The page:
Spy agencies in the U.S. are observing the global spread of the coronavirus and are concerned about how countries – specifically India and Iran – could respond to a major outbreak, according to a report on Thursday.
Worries in Iran stem from the country's lack of response to the outbreak, which has already infected at least 254 people and killed 26 — the most deaths outside China. The country reported its first infected case just nine days ago.
“In the last 24 hours, we have had 106 (new) confirmed cases ... The death toll has reached 26,” a Health Ministry spokesman told state TV on Thursday, according to Reuters. He encouraged Iranians to avoid “unnecessary trips inside the country."
COVID-19 has infected Iran's vice president and deputy health minister. Iran's mortality rate from the virus is roughly 11 percent, compared to an overall fatality rate between 2 to 3 percent in China.
The Middle Eastern country's response to the virus has been deemed ineffective because its government has limited capabilities to respond, U.S. intelligence officials told Reuters. Secretary of State Mike Pompeo said earlier this week the U.S. was concerned Iran may have covered up details on the spread of the virus.
Intelligence agencies are also worried about India's lack of countermeasures to the virus. While the country only has three cases so far, they believe its dense population could fuel a widespread outbreak, the news organization said.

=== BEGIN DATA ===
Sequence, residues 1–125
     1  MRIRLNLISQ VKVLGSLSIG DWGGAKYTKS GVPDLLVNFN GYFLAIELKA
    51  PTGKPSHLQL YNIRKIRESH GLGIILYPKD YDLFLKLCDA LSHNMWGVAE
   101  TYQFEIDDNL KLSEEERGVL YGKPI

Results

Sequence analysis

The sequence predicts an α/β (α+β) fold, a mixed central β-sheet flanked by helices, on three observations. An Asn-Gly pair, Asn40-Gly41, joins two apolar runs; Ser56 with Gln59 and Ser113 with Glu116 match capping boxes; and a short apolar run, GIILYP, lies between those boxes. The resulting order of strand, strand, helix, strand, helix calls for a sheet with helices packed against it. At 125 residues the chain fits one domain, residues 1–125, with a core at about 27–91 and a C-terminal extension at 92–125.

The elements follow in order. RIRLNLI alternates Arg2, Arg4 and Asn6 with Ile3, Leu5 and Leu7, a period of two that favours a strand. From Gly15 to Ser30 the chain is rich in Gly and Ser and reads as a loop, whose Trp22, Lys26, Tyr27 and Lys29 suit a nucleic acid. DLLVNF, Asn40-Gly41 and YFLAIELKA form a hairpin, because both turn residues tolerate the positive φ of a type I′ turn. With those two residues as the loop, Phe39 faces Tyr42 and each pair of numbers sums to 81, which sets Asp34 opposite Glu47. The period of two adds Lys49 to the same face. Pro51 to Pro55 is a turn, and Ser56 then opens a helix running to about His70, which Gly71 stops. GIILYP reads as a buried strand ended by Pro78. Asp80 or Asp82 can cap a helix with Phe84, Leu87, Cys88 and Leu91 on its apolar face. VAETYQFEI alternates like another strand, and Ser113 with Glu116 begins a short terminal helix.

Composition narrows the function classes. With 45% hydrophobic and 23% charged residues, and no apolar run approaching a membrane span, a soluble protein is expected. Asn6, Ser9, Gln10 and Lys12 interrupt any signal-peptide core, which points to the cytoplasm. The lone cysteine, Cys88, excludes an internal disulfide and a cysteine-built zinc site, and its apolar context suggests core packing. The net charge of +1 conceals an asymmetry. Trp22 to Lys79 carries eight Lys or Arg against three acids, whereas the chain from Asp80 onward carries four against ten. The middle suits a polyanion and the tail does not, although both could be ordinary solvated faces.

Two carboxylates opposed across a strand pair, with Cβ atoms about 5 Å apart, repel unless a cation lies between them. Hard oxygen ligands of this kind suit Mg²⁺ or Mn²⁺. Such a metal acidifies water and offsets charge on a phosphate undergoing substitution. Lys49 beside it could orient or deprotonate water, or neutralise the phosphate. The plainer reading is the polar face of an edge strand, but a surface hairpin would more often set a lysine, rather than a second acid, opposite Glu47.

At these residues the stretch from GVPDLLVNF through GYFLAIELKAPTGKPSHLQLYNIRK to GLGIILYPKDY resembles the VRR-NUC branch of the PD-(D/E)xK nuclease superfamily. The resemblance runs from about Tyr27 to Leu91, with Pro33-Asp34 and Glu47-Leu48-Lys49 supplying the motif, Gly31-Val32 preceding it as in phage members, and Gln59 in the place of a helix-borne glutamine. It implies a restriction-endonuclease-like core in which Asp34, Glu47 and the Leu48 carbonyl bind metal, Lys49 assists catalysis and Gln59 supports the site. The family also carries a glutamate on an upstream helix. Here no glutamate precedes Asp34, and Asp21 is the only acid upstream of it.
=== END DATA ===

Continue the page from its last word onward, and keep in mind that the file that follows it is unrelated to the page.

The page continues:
The role of intelligence agencies in fighting the virus up to this point has been monitoring its global spread and assessing the responses of governments. They have also provided necessary information to the Centers for Disease Control and other health agencies.
“Addressing the threat has both national security and economic dimensions, requiring a concerted government-wide effort and the IC is playing an important role in monitoring the spread of the outbreak, and the worldwide response,” a U.S. House Intelligence Committee official told Reuters.
Agencies would track COVID-19's impact through a range of methods — from eavesdropping devices to undercover informants, according to the news organization.